quarta-feira, 23 de fevereiro de 2005

Long Live Sir Thatcher!

"Antiwar.blog: isn't even supposed to have a position on Mark Thatcher and his merrie band of overthrowers, since it's not a US foreign policy issue and it's not really a war issue. But I have a position on the subject, and it is this: if I had known they were planning on overthrowing that monster in Equatorial Guinea, I would have been cheering them on.Am I supporting war? Of course not. Am I supporting violating the sovereignty of a country? You bet I am. Dictators have no rights, and human beings have no responsibility to continue on under the thumb of dictators. Teodoro Obiang has ruled since 1979 (since he had the former ruler, his uncle, executed), and lives in lavish luxury, with all dissent crushed, while the population starves and cowers. He siphons tens of millions off the country's oil profits. He is an absolute dictator and on his state-owned radio station, one of his aides said:"He can decide to kill without anyone calling him to account and without going to hell because it is God himself, with whom he is in permanent contact, and who gives him this strength."Go ahead, complain that I'm no different from the people who think the US is liberating Iraq -- you'll be dead wrong. Unlike Iraq, the coup plotters weren't forcing anyone else to pay for their operations, as the US is. Unlike Iraq, this would be a surgical operation to attack the key points in the country -- here I am assuming the presidential palace and key ministries and oil fields -- and not anything anyhere near civilian population centers. Unlike Iraq, collateral damage would be nonexistent, because these are businessmen with a budget -- not career bureaucrats with a bottomless pit of funding -- and collateral damage is expensive.And of course I don't think the mercs cared about the Equatoguinean people. I'm not a dingbat -- they were in it for profit. But so what? Who cares what the motives are, as long as the result (and the means) are unobjectionable? I can't know who they were planning on replacing Obiang with, if anyone at all, but you can be damn sure it was someone who would create a more favorable business climate. This would allow Equatoguineans to improve their personal lots -- instead of those of the ruling dynasty. "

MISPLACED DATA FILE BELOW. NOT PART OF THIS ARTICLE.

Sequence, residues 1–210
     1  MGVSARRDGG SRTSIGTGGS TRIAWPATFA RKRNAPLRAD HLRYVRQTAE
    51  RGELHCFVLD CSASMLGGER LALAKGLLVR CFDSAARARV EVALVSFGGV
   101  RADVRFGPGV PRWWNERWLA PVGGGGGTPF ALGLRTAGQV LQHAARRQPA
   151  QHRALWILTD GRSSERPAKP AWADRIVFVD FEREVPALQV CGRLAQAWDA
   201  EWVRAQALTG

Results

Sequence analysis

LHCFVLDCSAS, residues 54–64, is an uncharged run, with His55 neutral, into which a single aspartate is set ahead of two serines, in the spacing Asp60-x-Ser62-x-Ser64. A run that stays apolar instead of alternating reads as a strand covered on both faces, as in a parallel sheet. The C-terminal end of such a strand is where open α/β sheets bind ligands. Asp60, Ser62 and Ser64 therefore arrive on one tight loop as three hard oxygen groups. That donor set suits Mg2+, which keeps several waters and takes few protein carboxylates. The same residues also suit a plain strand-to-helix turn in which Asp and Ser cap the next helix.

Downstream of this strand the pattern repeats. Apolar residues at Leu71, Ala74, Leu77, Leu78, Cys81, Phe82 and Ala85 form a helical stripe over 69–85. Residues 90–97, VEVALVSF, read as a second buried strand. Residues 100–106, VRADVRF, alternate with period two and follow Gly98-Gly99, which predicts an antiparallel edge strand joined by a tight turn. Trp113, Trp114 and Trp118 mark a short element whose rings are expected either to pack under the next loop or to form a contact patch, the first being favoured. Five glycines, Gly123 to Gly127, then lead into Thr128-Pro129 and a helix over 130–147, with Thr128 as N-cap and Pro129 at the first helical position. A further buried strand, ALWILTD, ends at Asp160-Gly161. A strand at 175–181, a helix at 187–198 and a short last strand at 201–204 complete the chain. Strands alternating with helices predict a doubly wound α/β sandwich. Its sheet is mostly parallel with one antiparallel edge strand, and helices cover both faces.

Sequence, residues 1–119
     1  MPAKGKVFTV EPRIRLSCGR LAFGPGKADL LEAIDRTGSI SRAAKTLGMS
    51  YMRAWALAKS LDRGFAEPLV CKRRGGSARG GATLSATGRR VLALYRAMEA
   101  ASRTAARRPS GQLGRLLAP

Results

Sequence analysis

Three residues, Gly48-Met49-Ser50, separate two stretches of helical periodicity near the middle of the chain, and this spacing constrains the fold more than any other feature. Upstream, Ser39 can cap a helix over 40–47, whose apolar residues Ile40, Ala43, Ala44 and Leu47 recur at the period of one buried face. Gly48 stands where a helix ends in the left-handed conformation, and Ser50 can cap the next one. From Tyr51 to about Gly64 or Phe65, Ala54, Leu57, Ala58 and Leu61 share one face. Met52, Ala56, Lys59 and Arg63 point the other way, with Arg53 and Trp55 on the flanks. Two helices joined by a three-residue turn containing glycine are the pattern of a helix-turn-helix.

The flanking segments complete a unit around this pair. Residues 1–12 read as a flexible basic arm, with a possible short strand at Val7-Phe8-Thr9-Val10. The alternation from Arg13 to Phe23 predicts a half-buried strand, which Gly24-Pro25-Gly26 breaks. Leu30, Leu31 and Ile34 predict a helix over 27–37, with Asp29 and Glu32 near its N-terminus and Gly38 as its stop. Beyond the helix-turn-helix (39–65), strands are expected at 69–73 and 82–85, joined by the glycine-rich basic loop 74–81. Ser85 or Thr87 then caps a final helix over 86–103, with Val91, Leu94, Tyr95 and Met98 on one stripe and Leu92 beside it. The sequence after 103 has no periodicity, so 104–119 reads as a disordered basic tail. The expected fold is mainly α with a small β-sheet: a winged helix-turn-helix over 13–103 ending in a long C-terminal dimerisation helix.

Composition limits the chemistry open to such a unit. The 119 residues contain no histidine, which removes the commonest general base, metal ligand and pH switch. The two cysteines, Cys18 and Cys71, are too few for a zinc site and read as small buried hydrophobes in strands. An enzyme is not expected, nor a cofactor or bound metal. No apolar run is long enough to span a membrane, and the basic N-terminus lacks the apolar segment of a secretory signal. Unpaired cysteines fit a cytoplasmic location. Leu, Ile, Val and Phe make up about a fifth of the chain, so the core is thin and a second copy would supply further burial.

PS: Também achei muito injusto e irónico que uma iniciativa absolutamente privada (ou assim parece) de depor um ditador acabe por ser julgada como um crime. Pelo o que o Estado faz (mesmo que o faça à custa financiamento coercivo, permissas erradas - no just war -, resultados desastrosos, morte aos milhares e destruição em massa, etc) ninguém responde (porque dizem, somos "nós" que o fazemos, ou pelo menos a maioria de "nós"). Os mesmos actos, financiados e com riscos voluntários, são um crime....

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